and of course Happy New Year (2013 is the international year of statistics!).
Last week the ISBA Regional Meeting was held in Banaras / Varanasi, in the North of India. The conference was well attended, with leading figures such as Jayanta K. Ghosh, José Bernardo, James Berger, Peter Green, Christian Robert who blogged about it, and an overall ~350 participants.
Hi folks !
Last Tuesday a seminar on Bayesian procedure for inverse problems took place at CREST. We had time for two presentations of young researchers Bartek Knapik and Kolyan Ray. Both presentations deal with the problem of observing a noisy version of a linear transform of the parameter of interest
where is a linear operator and a Gaussian white noise. Both presentations considered asymptotic properties of the posterior distribution (Their papers can be found on arxiv, here for Bartek’s, and here for Kolyan’s). There is a wide literature on asymptotic properties of the posterior distribution in direc models. When looking at the concentration of toward a true distribution given the data, with respect to some distance , well known problem is to derive concentration rates, that is the rate such that
For inverse problems, the usual methods as introduced by Ghosal, Ghosh and van der Vaart (2000) usually fails, and thus results in this settings are in general difficult to obtain.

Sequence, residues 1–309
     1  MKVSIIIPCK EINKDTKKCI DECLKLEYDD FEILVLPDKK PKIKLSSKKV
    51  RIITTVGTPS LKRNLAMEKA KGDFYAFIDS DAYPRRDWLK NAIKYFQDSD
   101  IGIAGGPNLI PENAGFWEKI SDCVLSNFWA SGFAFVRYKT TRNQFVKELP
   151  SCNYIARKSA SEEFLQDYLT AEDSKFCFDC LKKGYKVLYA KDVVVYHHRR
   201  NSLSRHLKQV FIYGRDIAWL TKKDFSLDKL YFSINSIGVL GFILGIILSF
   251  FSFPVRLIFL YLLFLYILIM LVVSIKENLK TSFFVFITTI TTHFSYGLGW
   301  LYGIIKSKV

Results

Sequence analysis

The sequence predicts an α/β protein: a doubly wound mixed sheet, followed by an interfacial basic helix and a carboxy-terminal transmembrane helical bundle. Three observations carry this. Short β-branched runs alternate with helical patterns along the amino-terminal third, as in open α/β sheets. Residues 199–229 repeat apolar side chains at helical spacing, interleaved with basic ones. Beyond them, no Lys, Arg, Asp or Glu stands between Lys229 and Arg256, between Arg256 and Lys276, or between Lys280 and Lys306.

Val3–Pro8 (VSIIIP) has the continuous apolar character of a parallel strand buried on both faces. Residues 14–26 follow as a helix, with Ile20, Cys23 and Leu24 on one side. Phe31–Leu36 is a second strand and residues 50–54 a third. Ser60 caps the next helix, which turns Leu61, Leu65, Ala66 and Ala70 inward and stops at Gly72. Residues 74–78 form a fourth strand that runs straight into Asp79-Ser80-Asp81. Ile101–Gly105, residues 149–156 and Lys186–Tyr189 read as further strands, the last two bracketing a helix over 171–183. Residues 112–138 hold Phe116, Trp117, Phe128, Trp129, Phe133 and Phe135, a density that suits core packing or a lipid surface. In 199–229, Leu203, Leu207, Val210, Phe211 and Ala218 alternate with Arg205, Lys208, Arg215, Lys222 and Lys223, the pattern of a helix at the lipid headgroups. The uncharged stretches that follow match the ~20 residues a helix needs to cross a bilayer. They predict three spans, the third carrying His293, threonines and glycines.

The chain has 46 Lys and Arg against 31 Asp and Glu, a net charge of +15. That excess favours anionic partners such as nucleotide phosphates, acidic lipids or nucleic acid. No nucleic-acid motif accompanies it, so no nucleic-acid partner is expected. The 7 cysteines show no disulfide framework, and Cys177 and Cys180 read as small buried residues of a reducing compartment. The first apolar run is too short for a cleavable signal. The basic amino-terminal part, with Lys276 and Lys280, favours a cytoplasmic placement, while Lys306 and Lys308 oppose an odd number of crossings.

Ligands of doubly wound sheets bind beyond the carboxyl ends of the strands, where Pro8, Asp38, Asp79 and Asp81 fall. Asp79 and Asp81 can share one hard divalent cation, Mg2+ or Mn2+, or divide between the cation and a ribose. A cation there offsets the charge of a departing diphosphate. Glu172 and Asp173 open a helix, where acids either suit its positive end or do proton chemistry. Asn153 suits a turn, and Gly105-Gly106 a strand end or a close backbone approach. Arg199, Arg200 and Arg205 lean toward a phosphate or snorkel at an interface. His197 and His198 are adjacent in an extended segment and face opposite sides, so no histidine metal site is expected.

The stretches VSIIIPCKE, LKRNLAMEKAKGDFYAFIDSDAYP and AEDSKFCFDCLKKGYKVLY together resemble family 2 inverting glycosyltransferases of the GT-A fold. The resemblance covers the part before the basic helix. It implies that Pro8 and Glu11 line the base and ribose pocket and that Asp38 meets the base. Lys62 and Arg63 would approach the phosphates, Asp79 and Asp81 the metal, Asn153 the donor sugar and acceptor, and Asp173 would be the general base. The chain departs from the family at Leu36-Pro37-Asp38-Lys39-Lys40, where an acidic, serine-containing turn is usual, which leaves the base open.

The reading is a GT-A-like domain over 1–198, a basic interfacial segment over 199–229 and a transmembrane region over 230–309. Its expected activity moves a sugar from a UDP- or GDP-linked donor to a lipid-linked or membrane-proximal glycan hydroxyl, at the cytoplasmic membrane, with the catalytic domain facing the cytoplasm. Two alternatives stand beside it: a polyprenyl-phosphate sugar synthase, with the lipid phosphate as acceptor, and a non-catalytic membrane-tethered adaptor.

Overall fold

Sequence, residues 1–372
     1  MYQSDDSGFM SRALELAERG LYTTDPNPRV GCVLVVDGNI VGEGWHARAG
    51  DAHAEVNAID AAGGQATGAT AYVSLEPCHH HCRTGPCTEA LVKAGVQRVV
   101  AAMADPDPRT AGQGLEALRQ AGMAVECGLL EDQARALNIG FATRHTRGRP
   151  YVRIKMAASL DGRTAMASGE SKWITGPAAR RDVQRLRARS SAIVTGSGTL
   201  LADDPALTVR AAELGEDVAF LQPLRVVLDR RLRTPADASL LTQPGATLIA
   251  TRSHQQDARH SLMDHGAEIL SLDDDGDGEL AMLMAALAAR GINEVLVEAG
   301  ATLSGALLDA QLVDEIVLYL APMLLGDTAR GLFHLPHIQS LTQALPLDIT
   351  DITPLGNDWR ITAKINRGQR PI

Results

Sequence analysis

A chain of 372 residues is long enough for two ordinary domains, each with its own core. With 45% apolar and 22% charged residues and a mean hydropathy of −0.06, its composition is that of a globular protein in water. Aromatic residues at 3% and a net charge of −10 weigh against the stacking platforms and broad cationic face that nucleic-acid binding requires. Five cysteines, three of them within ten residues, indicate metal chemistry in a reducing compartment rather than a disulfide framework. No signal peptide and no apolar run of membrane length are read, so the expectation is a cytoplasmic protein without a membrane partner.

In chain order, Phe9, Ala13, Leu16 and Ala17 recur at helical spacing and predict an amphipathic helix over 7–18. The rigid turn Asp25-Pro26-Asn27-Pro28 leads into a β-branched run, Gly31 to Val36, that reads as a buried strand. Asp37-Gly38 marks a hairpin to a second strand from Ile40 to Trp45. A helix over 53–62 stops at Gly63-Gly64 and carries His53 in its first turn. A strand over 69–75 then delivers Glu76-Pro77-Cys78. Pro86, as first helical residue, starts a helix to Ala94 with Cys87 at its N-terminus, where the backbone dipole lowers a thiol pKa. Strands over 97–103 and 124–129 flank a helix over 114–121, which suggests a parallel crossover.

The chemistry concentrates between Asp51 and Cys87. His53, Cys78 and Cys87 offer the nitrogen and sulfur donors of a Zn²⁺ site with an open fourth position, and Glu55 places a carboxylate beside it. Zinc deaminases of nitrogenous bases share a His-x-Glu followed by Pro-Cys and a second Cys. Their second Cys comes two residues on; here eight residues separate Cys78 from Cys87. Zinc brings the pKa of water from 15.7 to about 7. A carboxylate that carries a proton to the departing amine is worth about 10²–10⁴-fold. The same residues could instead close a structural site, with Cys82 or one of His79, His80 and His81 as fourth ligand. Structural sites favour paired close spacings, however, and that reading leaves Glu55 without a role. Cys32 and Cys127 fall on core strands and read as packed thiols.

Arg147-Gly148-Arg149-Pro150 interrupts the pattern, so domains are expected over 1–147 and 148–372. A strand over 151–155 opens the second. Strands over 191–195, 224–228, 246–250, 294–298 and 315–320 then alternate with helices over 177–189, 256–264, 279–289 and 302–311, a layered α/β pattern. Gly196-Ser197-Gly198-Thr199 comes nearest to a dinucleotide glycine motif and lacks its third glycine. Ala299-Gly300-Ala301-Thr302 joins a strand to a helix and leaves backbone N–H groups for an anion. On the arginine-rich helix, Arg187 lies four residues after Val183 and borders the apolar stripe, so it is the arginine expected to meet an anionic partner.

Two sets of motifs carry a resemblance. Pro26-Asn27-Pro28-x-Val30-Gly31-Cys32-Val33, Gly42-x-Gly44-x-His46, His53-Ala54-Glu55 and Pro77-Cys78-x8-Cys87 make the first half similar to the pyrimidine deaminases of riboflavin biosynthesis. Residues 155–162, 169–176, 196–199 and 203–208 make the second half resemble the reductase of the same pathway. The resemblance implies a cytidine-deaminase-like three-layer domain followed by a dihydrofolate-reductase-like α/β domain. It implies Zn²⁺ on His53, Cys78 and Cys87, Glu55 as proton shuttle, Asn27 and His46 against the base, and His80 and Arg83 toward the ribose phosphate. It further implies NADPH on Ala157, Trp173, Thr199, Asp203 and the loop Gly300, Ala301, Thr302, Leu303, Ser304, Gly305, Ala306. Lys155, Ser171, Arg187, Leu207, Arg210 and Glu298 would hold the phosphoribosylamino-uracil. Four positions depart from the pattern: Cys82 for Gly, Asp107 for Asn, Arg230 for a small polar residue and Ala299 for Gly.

Bartek presented some very refined results in the conjugate case. He manages to get some results on the concentration rates of the posterior distribution, on Bayesian Credible Sets and Bernstein – Von Mises theorems – that states that the posterior is asymptotically Gaussian – when estimating a linear functional of the parameter of interest. Kolyan got some general conditions on the prior to achieve concentration rate, and prove that these techniques leads to optimal concentration rates for classical models.
I only knew little about inverse problems but both talks were very accessible and I will surely get more involved in this field !
This blog is not dead! And it’s gonna get more active soon.
These last few days, a workshop on Sequential Monte Carlo methods was held in the University of Warwick (link to the webpage). It was a very exciting meeting, efficiently organised by Arnaud Doucet, Adam Johansen, Anthony Lee and Murray Pollock and hosted by CRiSM. For those who couldn’t attend, here’s a little summary of my experience (or more exactly, just a bunch of links). Since SMC methods are at the core of my research, I was logically interested by all the talks (which is exceptional for 3 days of workshop, filled with 30 talks!). It was probably a good time for a workshop on SMC, since there’s a lot of recent activity in the field. My impression is that this renewed interest is mainly due to: